The law can also be applied to sub-systems within the store, for example, the checkout line. If customers arrive at the checkout line at a rate of 50 per hour, and it takes them approximately 10 minutes from the time they enter the line to the time they are finished checking out, then we should find approximately 8 people standing in the checkout line at any given time.
L = 50 x (10/60) = 8.3333
This law holds true in all systems. Banks, Grocery Stores, Network switches, Message-passing systems, and even, Alteryx Server.
Queueing theory gets even more interesting when we start looking at the different types of queueing models. There are models for single queues, multiple queues, single servers handling queued requests, multiple servers handling queued requests, incoming requests arriving at fixed intervals, random intervals, etc… These models are almost always described in Kendall's notation, which follows the format of A/S/c.
Alteryx Server matches the M/M/c queueing model which can be described as follows:
When charted we can observe the job runtimes follow an exponential distribution.
Having identified that Alteryx Server matches an M/M/c queue, we can take advantage of proven equations to derive queue length, wait times, utilization, and more. All we need for these equations is:
Our Service Rate (µ) is calculated from the number of jobs we can run in 1 hour using the average job runtime (x) above. For example, if our average job runtime (x) is 5 minutes, our Service Rate is 12.
µ = 60 / 5 = 12
(Note: hours and minutes do not have to be used here. Whatever units you decide to use, just make sure to standardize across both the arrival rate and service rate.)
With an arrival rate, service rate, and number of servers, we can predict the queueing behavior of an Alteryx Server. The most basic equation calculates the system utilization:
Example - Jobs arrive at a rate of 10 per hour, and our average job runtime is 5 minutes. We already calculated that our service rate is 12. The Alteryx Server environment is configured with 2 total simultaneous workflows.
ρ = 10 / (2 * 12) = 0.4167
This tells us on average our two simultaneous workflows will be busy roughly 41% of the time. A value > 1 indicates the system is not sized large enough to handle the workload since we cannot have utilization higher than 100%.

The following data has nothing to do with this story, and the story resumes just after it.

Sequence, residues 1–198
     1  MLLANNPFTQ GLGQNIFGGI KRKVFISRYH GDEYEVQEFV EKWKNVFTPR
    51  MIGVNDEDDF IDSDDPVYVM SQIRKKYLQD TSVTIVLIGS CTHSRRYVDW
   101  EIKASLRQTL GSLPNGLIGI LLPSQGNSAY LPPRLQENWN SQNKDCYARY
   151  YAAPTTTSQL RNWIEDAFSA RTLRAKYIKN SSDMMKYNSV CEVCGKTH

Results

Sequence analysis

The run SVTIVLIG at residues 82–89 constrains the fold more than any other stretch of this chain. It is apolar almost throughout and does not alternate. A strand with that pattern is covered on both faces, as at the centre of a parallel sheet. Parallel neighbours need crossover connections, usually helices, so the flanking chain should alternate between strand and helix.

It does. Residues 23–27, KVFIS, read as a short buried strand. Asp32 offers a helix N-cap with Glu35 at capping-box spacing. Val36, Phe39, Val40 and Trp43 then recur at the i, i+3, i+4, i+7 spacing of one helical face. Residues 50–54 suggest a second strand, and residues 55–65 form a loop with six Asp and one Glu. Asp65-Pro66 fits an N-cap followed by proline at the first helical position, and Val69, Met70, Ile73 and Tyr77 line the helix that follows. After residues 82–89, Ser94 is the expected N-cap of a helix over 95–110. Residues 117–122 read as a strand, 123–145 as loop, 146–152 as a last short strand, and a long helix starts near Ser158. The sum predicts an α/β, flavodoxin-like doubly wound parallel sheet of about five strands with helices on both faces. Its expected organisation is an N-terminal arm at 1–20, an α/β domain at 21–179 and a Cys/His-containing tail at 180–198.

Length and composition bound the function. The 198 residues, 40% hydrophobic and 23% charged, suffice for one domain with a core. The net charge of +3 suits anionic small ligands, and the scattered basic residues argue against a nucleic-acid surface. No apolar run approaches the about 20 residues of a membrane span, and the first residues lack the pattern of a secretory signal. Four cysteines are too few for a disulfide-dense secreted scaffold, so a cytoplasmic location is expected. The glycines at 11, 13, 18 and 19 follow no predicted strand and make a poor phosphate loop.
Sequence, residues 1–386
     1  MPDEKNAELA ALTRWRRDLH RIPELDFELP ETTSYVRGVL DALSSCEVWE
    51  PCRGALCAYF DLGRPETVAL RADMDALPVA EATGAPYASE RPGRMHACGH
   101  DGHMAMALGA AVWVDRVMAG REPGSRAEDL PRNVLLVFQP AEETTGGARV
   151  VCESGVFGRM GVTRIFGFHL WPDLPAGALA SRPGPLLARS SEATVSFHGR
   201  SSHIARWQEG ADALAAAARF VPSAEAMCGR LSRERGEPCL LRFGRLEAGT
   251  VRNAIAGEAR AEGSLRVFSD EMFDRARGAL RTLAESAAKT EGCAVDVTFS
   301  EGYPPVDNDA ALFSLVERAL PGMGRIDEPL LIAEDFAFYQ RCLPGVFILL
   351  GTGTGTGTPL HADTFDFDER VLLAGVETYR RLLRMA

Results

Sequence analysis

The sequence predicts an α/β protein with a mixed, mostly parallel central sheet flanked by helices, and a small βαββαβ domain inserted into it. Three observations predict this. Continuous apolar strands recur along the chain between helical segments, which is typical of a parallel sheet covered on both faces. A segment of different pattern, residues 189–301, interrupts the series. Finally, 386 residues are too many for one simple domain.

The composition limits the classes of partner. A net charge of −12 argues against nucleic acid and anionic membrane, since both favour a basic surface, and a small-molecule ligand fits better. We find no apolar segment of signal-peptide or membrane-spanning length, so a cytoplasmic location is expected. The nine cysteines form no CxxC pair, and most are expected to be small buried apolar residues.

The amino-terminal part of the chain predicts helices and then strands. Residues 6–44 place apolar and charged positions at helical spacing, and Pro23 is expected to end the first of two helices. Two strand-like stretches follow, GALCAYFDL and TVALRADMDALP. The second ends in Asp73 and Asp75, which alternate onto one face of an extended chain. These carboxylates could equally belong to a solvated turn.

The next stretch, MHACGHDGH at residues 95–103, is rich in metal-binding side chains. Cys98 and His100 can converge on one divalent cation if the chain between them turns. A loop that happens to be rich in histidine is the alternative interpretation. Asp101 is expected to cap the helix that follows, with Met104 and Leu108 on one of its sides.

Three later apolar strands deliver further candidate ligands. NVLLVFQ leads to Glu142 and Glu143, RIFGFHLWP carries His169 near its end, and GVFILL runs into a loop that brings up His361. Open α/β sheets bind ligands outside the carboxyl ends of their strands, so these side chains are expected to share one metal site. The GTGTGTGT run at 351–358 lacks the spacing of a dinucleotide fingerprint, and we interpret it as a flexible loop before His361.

Knowing that system utilization (ρ) cannot be greater than 100%, we can determine the minimum number of simultaneous workflows required with the simplified equation:
Example - Using the same numbers from above:
c = 10 / 12 = 0.8333
We always need to take the ceiling of this value so at a minimum we would need 1 simultaneous workflow. In this case, a job would be running approximately 83% of the time, compared to previously where we had 2 simultaneous workflows and a job would be running roughly 41% of the time.
This is just the start, there are many other equations which can calculate the average number of queued jobs, how long the jobs will wait in the queue, the probability of queued jobs, and more. These equations are documented in academic papers such as this one, and available to play with online calculators such as this one. But, since my Caribou Blend is getting low, we'll pick up in a Part 2 article with a sample Workflow to calculate these values for us across a range of server (simultaneous workflows) values, so we can understand what types of queueing behavior we might see in our Alteryx Server given specified job arrival rates and job runtimes.
If you would like to have a discussion to ensure your Alteryx Server environment is sized optimally, please reach out to your Alteryx representative for an architecture review session and we'll be glad to support you.
In the meantime, Happy Alteryxing!
David works as a Solutions Architect helping customers understand the Alteryx platform, how it integrates with their existing IT infrastructure, and how Alteryx can provide high performance and advanced analytics. He's passionate about learning new technologies and recognizing how they can be leveraged to solve organizations' business problems.
David works as a Solutions Architect helping customers understand the Alteryx platform, how it integrates with their existing IT infrastructure, and how Alteryx can provide high performance and advanced analytics. He's passionate about learning new technologies and recognizing how they can be leveraged to solve organizations' business problems.